Whole for 30 years in Penticton

It’s gone through a few locations and a few names, but over the years, the Whole Foods Market has become an institution.

Shelly Hawn

Shelly Hawn

It’s gone through a few locations and a few names, but over the years, the Whole Foods Market has become an institution.

Richard Hunt, the current general manager of the store,  admits that when his wife Shelley Hawn opened the Penticton Bulk Food Emporium in 1983, they had no idea they would still be operating the business three decades later.

“That’s a long, long time, let me tell you,” said Hunt. “We’ve had a very good run at it here in Penticton.

“It’s been a good business to have and we feel we’ve made a difference in a lot of ways. We’re happy with the way things turned out.”

Before hiring her husband to operate the business in 1999, Hawn operated the business through its first  16 years of growth, two changes of location and three name changes.

The first name change, to the  Whole Food Emporium, came in 1989 to better reflect the changing nature of the products in the store.

There weren’t very many organic products available in the early years, said Hunt, and almost none available as packaged consumer goods.

That started changing by the late 1980s. Natural was the key word in the early days. There weren’t many organic products available at the time, but that gradually changed over the years.

“By the late ‘90s you could buy anything that was available in a conventional format in an organic format,” said Hunt. “We used to have to go out and really look hard for them. Now it’s changed where people  are coming and looking for us to sell their product line.”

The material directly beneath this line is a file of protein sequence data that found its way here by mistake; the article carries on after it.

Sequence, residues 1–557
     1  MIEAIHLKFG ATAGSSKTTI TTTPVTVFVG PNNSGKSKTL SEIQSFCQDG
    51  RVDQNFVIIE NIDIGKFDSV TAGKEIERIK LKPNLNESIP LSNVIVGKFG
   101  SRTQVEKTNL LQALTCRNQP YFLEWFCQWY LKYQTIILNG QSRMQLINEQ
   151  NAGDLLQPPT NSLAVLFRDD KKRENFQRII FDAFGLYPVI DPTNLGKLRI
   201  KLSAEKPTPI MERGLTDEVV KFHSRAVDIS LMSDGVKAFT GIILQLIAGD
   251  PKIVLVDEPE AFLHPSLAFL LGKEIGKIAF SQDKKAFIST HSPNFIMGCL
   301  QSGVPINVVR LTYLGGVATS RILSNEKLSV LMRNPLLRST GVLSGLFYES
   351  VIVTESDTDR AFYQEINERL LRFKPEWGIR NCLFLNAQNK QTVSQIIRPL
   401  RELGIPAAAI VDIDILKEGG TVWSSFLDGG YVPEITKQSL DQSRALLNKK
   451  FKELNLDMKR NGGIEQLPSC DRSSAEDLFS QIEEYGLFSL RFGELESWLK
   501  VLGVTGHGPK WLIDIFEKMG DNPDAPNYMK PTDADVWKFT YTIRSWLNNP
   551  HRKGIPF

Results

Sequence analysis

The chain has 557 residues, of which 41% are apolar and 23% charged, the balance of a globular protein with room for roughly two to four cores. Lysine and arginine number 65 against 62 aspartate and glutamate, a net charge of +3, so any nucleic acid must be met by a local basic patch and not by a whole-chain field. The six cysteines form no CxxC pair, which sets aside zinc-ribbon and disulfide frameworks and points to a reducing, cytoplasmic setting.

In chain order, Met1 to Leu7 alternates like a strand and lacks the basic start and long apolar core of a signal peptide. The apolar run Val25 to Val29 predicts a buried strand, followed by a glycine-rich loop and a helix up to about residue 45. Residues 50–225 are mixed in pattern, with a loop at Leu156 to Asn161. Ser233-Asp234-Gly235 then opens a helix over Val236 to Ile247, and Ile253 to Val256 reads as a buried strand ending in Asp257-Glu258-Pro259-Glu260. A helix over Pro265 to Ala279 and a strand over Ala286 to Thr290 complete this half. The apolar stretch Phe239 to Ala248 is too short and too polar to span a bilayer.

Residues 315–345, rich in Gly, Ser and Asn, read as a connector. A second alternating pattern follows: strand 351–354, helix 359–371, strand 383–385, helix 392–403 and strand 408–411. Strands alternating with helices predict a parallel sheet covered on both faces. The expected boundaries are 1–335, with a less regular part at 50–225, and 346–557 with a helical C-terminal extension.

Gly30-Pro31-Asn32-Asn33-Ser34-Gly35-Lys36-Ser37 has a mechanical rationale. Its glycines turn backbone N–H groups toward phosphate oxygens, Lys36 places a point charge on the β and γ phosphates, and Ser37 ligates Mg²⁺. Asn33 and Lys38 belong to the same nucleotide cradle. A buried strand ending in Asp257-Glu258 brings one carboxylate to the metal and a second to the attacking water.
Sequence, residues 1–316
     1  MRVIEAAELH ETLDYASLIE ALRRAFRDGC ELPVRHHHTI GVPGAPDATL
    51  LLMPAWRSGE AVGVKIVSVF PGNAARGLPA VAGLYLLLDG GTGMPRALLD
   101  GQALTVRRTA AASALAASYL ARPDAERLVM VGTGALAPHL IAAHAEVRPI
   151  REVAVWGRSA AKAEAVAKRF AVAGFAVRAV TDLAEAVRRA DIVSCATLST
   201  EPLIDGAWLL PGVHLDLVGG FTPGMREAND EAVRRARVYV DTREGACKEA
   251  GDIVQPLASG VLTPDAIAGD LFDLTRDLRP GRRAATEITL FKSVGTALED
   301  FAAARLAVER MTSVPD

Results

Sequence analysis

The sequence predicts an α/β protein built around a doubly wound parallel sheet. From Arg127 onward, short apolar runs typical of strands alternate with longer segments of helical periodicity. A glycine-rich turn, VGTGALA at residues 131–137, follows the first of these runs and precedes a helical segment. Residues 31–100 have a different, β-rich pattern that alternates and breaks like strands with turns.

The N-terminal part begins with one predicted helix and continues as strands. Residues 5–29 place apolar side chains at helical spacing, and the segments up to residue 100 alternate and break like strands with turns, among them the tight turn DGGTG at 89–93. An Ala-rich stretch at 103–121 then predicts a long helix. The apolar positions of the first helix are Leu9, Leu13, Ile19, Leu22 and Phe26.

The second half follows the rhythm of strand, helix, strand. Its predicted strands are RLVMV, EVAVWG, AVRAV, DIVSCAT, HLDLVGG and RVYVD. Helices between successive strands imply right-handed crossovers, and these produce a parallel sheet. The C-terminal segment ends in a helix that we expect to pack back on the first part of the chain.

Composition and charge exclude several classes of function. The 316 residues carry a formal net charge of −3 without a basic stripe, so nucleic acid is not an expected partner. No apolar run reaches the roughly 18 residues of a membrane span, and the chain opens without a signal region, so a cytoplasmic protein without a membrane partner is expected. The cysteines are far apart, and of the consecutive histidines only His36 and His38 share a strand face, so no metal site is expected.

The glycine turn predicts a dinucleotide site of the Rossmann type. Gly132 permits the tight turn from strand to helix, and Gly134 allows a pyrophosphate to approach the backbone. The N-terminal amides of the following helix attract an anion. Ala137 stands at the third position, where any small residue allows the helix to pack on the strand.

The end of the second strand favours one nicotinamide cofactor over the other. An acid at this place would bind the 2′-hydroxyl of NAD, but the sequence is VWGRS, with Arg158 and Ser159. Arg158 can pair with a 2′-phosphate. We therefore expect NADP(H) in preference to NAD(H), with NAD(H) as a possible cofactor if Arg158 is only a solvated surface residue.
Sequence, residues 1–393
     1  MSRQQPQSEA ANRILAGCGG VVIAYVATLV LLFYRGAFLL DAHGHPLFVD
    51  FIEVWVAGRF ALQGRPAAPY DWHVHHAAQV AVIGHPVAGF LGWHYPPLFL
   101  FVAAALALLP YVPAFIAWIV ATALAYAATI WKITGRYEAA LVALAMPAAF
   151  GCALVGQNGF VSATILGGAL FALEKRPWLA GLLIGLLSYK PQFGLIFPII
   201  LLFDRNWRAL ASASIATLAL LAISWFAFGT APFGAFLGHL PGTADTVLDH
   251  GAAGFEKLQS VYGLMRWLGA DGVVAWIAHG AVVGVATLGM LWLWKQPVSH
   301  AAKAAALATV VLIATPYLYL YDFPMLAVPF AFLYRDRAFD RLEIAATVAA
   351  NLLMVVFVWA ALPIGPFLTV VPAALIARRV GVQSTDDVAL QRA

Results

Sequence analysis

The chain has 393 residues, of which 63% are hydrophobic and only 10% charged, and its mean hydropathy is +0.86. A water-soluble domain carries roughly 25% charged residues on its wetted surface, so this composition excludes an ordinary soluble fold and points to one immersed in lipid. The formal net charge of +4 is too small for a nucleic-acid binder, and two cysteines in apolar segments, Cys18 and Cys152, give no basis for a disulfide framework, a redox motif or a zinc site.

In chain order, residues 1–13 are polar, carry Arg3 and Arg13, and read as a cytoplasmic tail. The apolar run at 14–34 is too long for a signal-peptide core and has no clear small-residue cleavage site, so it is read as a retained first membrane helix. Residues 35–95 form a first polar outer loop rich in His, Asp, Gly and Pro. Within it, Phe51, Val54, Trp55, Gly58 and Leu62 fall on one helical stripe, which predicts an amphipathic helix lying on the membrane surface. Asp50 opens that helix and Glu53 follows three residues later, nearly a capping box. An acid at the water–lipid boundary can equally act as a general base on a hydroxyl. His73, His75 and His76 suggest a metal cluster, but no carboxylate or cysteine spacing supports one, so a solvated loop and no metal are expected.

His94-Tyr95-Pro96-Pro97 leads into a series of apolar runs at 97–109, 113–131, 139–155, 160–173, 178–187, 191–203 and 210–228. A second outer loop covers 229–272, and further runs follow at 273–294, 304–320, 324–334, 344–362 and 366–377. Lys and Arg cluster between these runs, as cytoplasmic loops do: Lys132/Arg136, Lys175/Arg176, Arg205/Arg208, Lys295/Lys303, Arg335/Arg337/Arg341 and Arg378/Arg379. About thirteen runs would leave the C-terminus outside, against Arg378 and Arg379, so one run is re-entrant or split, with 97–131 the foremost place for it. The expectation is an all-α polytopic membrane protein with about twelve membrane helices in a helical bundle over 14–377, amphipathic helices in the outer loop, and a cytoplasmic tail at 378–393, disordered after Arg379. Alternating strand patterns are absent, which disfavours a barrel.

Greater availability of both packaged product and local organic produce and fruit kept Whole Foods growing, and led to the next name change, to Whole Foods Market.

“I can’t say that 30 years ago, I had a vision of what it is now because a lot of the things we sell now didn’t exist then,” said Hunt. “But it became clear about halfway through the last 30 years that we could grow it into  something much more than what it was.”

Key to the store’s longevity, Hunt said, is that both he and Hawn, 30 years ago and today, walked the talk. They had both been involved in food-related businesses that all had the focus on natural, healthy, high nutritional value.

“We were users of natural and healthy foods,” he said. “We  wanted to be in business doing something we believed in and was part of our daily life. And we still do that.”

Customers run across a broad spectrum, according to hunt, reflecting the still growing interest in organic and healthy foods.

“One of the bigger categories of growth in the last year or two has been young families, who are starting to raise children and they have made a conscious decisions they don’t want to feed their children conventional foods they feel might be harmful, so they come to us,” said Hunt. “But if you came in here on any given day, you would see teenagers to octogenarians and every income bracket.”

Hunt also praises the staff as dedicated and informed and a major part of the store’s success. Without them, he said, the store’s history would have been much different.

“It’s been a great run. It’s been a great place to raise a family and meet a ton of great people. No regrets,” said Hunt.

 

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